A Real Chinese experience
As for our unplanned stay in Weihai. Liang Wei, the local guy who helped us out in the train station, befriended us and brought us to a flat where we hung out for the time we were in the town. He and his family were so nice to the strangers from the station. They gave us a bed, fed us and plied us with Chinese spirits; potent, not to mention disgusting stuff, at 56%. And there's no sipping your drink here. They made (!) us drink 2 full China cups of the stuff during lunch (lunch is the main dish of the day for the Chinese), and having done so you can probably imagine we were fairly inebriated come mid afternoon. Our overall experience, although unplanned, in Weihai was as authentic a Chinese experience as you could wish for. It's was a real treat, as it always is, to be treated like this and to meet the real Chinese. Check out the photos attached to this entry for more on that.

Counting the minutes until hard seat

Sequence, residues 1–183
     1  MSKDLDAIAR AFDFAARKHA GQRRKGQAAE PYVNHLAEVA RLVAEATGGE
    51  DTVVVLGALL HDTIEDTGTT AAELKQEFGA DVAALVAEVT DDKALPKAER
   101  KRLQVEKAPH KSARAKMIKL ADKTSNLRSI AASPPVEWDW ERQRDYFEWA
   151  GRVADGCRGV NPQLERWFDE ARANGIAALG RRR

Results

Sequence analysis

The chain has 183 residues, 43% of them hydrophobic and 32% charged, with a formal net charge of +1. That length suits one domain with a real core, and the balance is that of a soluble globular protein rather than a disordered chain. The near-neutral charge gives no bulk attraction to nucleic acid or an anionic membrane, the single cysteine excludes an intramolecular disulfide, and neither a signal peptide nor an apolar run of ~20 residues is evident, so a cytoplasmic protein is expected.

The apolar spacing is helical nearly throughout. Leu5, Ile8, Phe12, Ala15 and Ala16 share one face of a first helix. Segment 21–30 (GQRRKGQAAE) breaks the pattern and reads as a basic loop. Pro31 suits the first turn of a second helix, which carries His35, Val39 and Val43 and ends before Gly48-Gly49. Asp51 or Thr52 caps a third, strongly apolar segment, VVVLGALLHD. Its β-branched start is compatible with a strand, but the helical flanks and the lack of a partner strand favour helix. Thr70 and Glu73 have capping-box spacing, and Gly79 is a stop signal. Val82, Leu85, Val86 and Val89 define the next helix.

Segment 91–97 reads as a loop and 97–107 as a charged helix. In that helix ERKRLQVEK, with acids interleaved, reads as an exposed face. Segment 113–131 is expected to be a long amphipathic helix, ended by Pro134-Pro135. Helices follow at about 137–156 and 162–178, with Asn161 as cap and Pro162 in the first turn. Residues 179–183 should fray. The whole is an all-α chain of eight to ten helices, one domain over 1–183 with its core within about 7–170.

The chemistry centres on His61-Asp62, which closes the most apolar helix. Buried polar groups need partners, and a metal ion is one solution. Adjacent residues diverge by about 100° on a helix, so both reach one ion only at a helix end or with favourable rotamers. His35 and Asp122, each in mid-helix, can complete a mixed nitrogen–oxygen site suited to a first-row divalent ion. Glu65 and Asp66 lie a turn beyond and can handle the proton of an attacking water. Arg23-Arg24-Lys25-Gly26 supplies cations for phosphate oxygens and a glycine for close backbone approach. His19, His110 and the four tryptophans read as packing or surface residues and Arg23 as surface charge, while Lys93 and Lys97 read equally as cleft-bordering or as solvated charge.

So as I type this I'm sitting in the apartment in Weihai. It's the afternoon of our second day in the city and we get the overnight train to Beijing later this evening. Henk is in bed feeling the effects of the 56% from this afternoon's lunch. He did the same last night when we consumed 38% proof with dinner. an Ozzie maybe he suffers from ferry-lag? I hope so. Here's hoping the guy isn't a lightweight? I've another 5 weeks with him to find out. We leave for the train station in two hours. I'm looking forward to getting back to Beijing but not the trip that will take us there. As I mentioned we could only get hard seat tickets for the 16 hour journey. I don't care how cheap it is; I've travelled hard seat before and I know how bad it is. Okay okay... I shouldn't really be saying I've travelled hard seat before because that's not entirely true... when faced in the past with an overnight hard seat trip I managed to escape it (check out that adventure by reading my Get me outt'a here paragraph in this entry). Hard seat is every bit as uncomfortable as it sounds and I hate to say it but I'm not feeling confident I'm going to be able to escape it this time. Looks like we're gonna have to suck it up. It's going to be a long trip, but we'll eventually see you all in Beijing, somewhere I'm looking forward to getting back to. I'll be my third time in the city but my first time in the winter months and I'm really looking forward to seeing the contrasts. But just getting there........ ouch